Remains of the Second and Third Centuries.
Under the title of Fragments of the Second and Third Centuries are grouped together, in the Edinburgh series, a mass of valuable illustrative material, which might have been distributed with great advantage through the former volumes, in strict order of chronology. Something is due, however, to the unity of authorship, and to the marked design of the editors of the original edition to let these Fragments stand together, as the work of their accomplished collaborator, the Rev. B. P. Pratten, with whose skill and erudition our readers are already familiar. 3529
I have contented myself, therefore, with giving approximate order and continuity, on chronological grounds, to the series of names subjoined. Bardesanes has been eliminated here, and placed more appropriately with the Syriac authors. The reader will find references which may aid him in seeking further information. Some of these names are of lasting value and interest in the Church. I prefer to call these “Fragments” their “Remains.”
To each of the following names I have prefixed some details of information, with such dates as the learned supply.
The following is the
Translators Introductory Notice
The fragments that follow are the productions of writers who lived during the second century or the beginning of the third. Little is known of the writers, and the statements made in regard to them are often very indefinite, and the result of mere conjecture.
1. Quadratus was one of the first of the Christian apologists. He is said to have presented his apology to Hadrian while the emperor was in Athens attending the celebration of the Eleusinian mysteries.
2. Aristo of Pella, a Jew, was the author of a work called The Disputation of Jason and Papiscus. Nothing further is known of him. He flourished in the first half of the second century.
3. Melito was bishop of Sardis, and flourished in the reign of Marcus Aurelius. He wrote many works, but all of them have perished except a few fragments. The genuineness of the Syriac fragments is open to question.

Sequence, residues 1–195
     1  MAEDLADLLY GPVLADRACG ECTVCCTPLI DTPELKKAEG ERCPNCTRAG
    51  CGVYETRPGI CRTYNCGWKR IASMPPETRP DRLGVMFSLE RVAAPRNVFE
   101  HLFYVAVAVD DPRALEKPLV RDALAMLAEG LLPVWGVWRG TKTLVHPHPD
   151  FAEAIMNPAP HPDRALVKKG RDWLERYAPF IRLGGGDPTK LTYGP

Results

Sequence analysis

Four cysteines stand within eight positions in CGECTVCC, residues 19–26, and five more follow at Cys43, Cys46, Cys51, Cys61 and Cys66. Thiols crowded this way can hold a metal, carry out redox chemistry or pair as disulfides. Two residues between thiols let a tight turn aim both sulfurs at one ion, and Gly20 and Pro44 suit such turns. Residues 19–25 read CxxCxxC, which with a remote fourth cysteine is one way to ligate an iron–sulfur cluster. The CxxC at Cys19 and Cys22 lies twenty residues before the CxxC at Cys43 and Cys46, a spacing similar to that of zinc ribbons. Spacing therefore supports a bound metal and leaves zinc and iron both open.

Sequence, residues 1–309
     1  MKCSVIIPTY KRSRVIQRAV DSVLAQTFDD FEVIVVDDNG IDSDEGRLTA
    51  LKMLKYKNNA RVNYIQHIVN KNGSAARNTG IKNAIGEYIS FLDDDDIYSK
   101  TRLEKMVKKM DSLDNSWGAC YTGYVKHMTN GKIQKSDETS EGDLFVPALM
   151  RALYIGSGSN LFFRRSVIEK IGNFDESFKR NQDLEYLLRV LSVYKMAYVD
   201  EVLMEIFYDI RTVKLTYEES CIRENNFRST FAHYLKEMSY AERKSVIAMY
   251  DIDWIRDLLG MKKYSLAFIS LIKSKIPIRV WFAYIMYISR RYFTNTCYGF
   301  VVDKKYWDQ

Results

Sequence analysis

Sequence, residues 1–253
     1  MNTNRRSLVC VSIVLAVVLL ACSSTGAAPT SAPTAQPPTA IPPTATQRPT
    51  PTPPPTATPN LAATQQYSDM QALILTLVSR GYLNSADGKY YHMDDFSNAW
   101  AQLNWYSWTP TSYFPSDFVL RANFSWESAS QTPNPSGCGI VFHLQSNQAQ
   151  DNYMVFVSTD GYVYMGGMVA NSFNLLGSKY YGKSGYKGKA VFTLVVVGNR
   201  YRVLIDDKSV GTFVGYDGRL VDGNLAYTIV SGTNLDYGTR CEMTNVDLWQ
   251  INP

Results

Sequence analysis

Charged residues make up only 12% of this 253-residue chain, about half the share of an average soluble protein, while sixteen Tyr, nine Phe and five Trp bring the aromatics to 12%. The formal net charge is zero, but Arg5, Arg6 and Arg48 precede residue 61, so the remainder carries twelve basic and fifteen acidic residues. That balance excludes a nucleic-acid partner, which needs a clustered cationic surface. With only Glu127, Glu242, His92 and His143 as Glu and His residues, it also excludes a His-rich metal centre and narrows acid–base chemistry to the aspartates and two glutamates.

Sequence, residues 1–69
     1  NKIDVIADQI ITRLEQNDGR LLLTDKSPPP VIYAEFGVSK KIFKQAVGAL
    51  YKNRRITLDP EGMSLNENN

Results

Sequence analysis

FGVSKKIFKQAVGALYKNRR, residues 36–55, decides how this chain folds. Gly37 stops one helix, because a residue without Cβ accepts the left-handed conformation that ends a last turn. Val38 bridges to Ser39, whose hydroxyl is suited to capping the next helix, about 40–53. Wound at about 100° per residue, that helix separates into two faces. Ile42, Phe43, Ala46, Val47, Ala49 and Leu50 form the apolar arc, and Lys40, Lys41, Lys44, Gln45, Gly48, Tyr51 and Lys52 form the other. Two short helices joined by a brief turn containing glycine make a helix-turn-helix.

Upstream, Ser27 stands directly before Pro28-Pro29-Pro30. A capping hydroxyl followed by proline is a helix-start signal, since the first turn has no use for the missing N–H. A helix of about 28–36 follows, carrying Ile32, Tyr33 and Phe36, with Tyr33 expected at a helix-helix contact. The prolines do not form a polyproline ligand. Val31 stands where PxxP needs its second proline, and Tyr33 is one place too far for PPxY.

4. Hegesippus also flourished in the time of Antoninus Pius and Marcus Aurelius. He is the first ecclesiastical historian; but his book was rather notes for an ecclesiastical history, than a history.
5. Dionysius was bishop of Corinth in the reign of Marcus Aurelius. He wrote letters to various churches.
p. 748 6. Rhodon went from Asia to Rome, and became a pupil of Tatian. After the lapse of his master into heresy he remained true to the faith, and wrote against heretics.
7. Maximus flourished about the same time as Rhodon, under the emperors Commodus and Severus.
8. Claudius Apollinaris was bishop of Hierapolis, and presented a defense of the Christians to Marcus Aurelius. He wrote many important works, of which we have only a few fragments.
9. Polycrates was bishop of Ephesus. He took part in the controversy on the Passover question. He died about 200 a.d.
10. Theophilus was bishop of Cæsarea. He was a contemporary of Polycrates, and, like him, engaged in the Passover controversy.
11. Serapion was ordained bishop of Antioch a.d. 190, but almost no other fact of his life is known. He wrote several works.
12. Apollonius wrote a work against the Montanists, probably in the year a.d. 210. This is all that is known of him.
13. Pantænus, probably a Sicilian by birth, passed from Stoicism to Christianity, and went to Judæa to proclaim the truth. He returned to Alexandria, and became president of the catechetical school there, in which post he remained till his death, which took place about the year 212 a.d.
14. The Letter of the Churches in Vienne and Lyons was written shortly after the persecution in Gaul, which took place in a.d. 177. It is not known who is the author. Some have supposed that Irenæus wrote it, but there is no historical testimony to this effect.
See vol. ii. (p. 125), etc.